In the March 2008 Chinese People's Political Consultative Conference annual meeting, Zhang proposed "tax reforms that would include a tax cut of one-third for the nation’s wealthiest citizens, lower duties on imported environmental equipment, and... from a new labor law designed to protect low-paid factory workers." Public and media response to her proposals was highly critical, and controversy regarding Zhang's "'pro-rich' agenda" ensued.[citation needed]

On April 15, 2008, SACOM released its investigation of Nine Dragons, accusing the company of unethical labor practices, and made public the "Nine Dragons Paper Employee Handbook", which contained multiple rules, featuring worker fines in particular, that came under massive criticism. Nine Dragons has since ceased worker fines, but Zhang herself personally maintains that the company's actions were morally sound.

Labor strikes against Nine Dragons also occurred in December 2007 in response to Zhang's labor law proposal, and in summer of 2008, protesting large employee layoffs.[1]

Awards[edit]

In October 2006, she became, at the age of 49, the first woman to top the list of richest people in China published by the Hurun Report.[5] In 2010 Zhang's personal fortune was valued at approximately US$4.6 billion, making her the wealthiest self-made woman in the world, ahead of Oprah Winfrey, J.K. Rowling, Giuliana Benetton, Meg Whitman, and Rosalia Mera.[10][11] Forbes magazine put her wealth at US$1.35 billion in November 2006, which would have made her then the richest woman in China and the fifth richest person in China.[9] (On a later Forbes list she was displaced as China's richest woman by 25-year-old Yang Huiyan[12])

On June 2014, Zhang was named Asian CEO of the Year for 2014 at RISI's 15th annual Asian Pulp and Paper Conference.[8]

As of July 2016 Forbes estimates her wealth to be US$1.12 B, the #384 richest person in China (down from #216 in 2014), and the #1724 richest person in the world.[3]

Personal life[edit]

Zhang's first marriage resulted in one child and a divorce. She met her second husband, Liu Ming Chung, in Hong Kong and the couple married shortly after moving to America. Liu was born in Taiwan, grew up in Brazil and was trained as a dental surgeon, a career path he left in order to pursue the paper business with his wife.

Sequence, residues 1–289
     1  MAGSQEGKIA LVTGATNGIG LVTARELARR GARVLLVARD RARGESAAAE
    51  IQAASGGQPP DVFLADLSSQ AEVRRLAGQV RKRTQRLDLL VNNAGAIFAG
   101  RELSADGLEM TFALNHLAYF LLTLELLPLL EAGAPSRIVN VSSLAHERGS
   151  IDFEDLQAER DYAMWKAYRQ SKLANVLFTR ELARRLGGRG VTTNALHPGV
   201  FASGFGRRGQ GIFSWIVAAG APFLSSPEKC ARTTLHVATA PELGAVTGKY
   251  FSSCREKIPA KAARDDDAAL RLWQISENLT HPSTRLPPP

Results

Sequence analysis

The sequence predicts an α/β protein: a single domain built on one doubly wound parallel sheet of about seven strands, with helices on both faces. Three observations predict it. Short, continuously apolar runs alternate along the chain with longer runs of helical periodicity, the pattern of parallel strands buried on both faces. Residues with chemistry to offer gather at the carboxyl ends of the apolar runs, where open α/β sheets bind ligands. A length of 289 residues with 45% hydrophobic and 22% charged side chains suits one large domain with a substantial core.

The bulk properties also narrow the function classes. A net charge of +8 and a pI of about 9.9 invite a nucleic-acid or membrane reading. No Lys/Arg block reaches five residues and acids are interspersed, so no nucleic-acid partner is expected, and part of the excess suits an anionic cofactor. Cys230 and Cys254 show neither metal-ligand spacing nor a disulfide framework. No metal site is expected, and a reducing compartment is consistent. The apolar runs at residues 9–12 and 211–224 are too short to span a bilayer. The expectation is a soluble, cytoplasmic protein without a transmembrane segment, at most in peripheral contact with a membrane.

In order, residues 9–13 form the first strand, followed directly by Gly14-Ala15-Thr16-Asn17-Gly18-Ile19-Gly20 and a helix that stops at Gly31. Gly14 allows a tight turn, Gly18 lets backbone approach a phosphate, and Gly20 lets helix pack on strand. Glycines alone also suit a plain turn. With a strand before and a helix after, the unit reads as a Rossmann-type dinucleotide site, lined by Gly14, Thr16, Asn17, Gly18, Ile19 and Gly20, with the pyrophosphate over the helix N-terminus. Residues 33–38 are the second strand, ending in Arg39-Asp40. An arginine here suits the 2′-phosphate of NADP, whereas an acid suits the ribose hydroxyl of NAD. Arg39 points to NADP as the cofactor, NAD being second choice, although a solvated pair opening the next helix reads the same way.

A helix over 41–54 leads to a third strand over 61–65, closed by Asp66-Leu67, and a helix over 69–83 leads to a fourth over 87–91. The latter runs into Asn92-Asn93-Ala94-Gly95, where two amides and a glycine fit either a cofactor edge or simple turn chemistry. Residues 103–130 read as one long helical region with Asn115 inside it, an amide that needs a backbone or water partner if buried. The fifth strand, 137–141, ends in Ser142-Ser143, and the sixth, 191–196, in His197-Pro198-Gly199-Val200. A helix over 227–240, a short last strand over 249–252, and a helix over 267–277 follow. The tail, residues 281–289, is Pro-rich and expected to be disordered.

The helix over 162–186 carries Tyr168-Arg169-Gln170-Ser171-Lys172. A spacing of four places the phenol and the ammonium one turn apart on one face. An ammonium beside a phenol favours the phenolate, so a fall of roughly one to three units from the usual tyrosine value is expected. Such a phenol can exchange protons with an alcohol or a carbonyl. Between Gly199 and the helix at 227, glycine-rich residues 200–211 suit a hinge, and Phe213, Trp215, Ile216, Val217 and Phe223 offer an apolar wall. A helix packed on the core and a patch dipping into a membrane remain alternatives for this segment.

Zhang has two children, both of whom live and study in the United States. Her older son Lau Chun Shun is a non-executive director of Nine Dragons,[9] and Zhang has stated that her children's inheritance of the company would depend on their objective capabilities.[7]

Zhang Yin holds a green card.[1]

References[edit]

  1. ^ a b c d e f g * Blazing a Paper Trail in China. The New York Times, 16 January 2007
  2. ^ Osnos, Evan (30 March 2009). "Wastepaper Queen". The New Yorker. Retrieved 26 July 2016. 
  3. ^ a b "Cheung Yan". Forbes. Retrieved 26 July 2016. 
  4. ^ Will Hutton (15 October 2006). "Thanks to Mao, Zhang Yin's a billionaire". London: The Guardian. 
  5. ^ a b Hurun Report 2006 China Rich List Archived 12 December 2010 at the Wayback Machine.
  6. ^ a b Cardboard puts woman at top of China's rich list, The Standard, 17 January 2007 Archived 12 June 2012 at the Wayback Machine.
  7. ^ a b "Cheung Yan: Dragon queen of waste paper". TerraDaily. 23 September 2007. Retrieved 4 August 2016. 
  8. ^ a b c "Cheung Yan of Nine Dragons Named RISI's 2014 Asian CEO of the Year". PR Newswire. PR Newswire. 15 April 2014. Retrieved 4 August 2016. 
  9. ^ a b c Dragon Lady, Forbes, 13 November 2006 Archived 17 October 2013 at the Wayback Machine.
  10. ^ "The great wealth of China". The Economist. 13 October 2010. Archived from the original on 2013-10-20. 
  11. ^ Woman tops China's new rich list. BBC News, 11 October 2006 Archived 7 November 2012 at the Wayback Machine.
  12. ^ China's Richest, Thanks To An IPO And Dad, Forbes.com, 24 April 2007 Archived 14 October 2008 at the Wayback Machine.